On the 26th October, 1850, the same year as the first Dover to Calais submarine cable, an article appeared on the front page of the French newspaper La Presse. The author, Jules Allix, reported with much excitement on an invention which he asserted would change the world (Allix, 1850). The invention was made by a Monsieur Jacques Toussaint Benoit and was for a method of instantaneous communication over distance without the use of wires. Benoit claimed that with his revolutionary apparatus he was able to communicate directly between Paris and New York. The transmitting equipment – described as the Sympathetic-pasilalinic Compass – was a large wooden frame in which was suspended a rotating disc. Twenty-six small zinc bowls were carefully set into this disc. The bowls were lined with linen soaked in a solution of copper-sulphate and each bowl was marked with a letter of the alphabet. The receiver was a copy of the transmitter. To facilitate communication, pairs of snails were encouraged to form a ‘sympathetic bond’ before being glued into the paired, alphabetised bowls in the transmitter and receiver. The pair of snails would then be ‘linked’ for life whatever the distance between the transmitter and receiver. To transmit a message, for example the letter ‘A’, the sender would poke the snail in the transmitting bowl marked ‘A’. The corresponding snail in the ‘A’ bowl of the receiver would then react by withdrawing or waving its antenna. The medium of transmission was stated to be ‘escargotic fluid’ (Allix, 1850). No archaeological remains of this groundbreaking discovery are thought to survive.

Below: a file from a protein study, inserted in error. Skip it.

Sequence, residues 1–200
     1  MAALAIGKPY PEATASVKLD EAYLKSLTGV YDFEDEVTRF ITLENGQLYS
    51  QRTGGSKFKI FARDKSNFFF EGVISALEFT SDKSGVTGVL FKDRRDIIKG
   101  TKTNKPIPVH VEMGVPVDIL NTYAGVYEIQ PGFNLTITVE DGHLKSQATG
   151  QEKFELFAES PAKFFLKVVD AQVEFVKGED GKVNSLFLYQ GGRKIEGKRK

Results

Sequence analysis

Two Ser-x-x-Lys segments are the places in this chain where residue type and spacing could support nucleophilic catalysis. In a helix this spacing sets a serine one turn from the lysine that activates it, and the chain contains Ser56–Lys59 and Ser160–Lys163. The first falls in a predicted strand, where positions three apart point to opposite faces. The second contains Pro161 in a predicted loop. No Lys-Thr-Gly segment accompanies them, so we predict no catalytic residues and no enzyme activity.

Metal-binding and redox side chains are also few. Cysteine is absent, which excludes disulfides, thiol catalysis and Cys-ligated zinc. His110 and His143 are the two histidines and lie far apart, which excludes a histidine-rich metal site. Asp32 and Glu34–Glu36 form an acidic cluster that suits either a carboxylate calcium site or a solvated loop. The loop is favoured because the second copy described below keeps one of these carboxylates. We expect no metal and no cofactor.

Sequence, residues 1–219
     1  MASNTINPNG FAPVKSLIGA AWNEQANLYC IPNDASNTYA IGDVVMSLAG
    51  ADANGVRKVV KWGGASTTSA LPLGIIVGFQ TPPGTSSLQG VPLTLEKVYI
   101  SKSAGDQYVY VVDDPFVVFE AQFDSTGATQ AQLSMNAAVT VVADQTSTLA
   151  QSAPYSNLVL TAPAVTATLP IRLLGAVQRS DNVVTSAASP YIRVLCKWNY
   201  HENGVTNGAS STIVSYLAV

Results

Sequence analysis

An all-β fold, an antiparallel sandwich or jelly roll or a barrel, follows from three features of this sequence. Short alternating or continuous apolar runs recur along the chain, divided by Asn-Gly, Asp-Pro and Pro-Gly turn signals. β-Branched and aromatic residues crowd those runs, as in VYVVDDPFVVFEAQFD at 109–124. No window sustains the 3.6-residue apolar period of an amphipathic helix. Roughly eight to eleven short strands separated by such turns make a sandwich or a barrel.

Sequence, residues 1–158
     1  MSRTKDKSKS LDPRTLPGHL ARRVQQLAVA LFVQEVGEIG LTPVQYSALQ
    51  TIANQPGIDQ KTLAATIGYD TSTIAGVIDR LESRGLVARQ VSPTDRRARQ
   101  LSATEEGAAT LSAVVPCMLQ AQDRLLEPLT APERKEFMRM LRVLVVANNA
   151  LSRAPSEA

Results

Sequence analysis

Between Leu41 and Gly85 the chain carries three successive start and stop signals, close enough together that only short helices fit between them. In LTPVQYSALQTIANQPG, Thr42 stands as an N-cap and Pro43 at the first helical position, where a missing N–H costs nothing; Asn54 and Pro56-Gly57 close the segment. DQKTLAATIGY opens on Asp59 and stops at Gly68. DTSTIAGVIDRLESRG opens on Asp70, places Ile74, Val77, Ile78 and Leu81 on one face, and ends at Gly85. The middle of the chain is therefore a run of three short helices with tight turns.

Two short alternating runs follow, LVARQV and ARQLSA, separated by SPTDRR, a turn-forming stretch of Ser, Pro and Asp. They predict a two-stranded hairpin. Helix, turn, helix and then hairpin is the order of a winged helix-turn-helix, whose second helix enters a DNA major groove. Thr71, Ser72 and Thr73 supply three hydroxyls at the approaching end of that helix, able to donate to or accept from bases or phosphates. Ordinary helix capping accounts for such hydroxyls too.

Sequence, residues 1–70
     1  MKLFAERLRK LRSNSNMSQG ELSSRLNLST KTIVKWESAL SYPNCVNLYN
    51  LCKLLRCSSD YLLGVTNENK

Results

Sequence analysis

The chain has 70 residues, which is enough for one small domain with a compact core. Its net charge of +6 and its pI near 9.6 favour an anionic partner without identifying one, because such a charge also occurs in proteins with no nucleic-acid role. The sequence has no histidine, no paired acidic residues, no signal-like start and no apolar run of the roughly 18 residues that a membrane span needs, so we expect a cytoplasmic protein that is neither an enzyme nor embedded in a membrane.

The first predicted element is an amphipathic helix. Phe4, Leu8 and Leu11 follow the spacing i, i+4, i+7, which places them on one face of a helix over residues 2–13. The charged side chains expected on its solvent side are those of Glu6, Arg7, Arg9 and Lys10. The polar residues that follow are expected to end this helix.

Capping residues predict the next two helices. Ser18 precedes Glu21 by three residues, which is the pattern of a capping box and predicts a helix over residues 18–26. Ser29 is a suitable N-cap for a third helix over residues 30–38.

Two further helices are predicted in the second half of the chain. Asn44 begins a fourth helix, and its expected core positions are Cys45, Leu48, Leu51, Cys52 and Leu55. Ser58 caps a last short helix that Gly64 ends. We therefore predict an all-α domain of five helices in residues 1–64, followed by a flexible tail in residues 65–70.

Benoit’s idea of instantaneous ‘snail mail’ might sound more than a little silly to twenty-first-century ears but his experiments were grounded in two respectable theories of the time. The first, Franz Mesmer’s late 18th-Century concept of ‘animal magnetism’, proposed to exist as an invisible magnetic fluid, a life-force flowing through and pervading all living things (Mesmer, 1997 ). The second was that of ‘galvanism’ and Alessandro Volta’s understanding of electrical action within the body (Munro, 1902). Mesmer’s ideas, although popular at the time (inspiring among other things, dynamic psychology and Mary Shelley’s Frankenstein), were later consigned to the lunatic fringes, his name forever associated with stage hypnotism. Volta’s work, however, is appreciated today as one of the foundation stones of electrical engineering, giving us the ‘volt’ as a unit of measurement as well as the ‘voltaic cell’, or battery. The Sympathetic-pasilalinic Compass is cited here to serve as an example of the mid nineteenth-century desire for communication over distance. This desire was intense and manifested itself in many unlikely sounding investigations. It was not, at the time, dismissed out of hand as we would with the benefit of hindsight. It should be remembered that the early electrical experiments which finally resulted in successful telecommunications were very much part of the same experimental tradition as Monsieur Benoit and his snails.